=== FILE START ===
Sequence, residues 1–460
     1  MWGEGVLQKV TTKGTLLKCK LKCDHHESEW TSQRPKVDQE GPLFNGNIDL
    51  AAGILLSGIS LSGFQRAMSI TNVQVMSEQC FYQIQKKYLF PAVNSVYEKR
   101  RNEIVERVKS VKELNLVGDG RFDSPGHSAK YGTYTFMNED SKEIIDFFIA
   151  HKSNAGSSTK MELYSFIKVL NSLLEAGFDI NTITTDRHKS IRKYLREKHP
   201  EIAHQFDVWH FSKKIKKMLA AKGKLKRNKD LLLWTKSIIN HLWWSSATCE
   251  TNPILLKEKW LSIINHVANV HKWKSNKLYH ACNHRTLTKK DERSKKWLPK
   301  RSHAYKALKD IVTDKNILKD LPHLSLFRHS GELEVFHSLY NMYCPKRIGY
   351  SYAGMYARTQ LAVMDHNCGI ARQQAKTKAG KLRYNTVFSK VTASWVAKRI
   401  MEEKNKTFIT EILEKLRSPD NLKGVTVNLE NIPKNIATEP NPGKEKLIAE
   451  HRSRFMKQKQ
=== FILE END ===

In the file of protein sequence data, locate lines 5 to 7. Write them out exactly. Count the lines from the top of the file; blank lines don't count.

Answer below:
   151  HKSNAGSSTK MELYSFIKVL NSLLEAGFDI NTITTDRHKS IRKYLREKHP
   201  EIAHQFDVWH FSKKIKKMLA AKGKLKRNKD LLLWTKSIIN HLWWSSATCE
   251  TNPILLKEKW LSIINHVANV HKWKSNKLYH ACNHRTLTKK DERSKKWLPK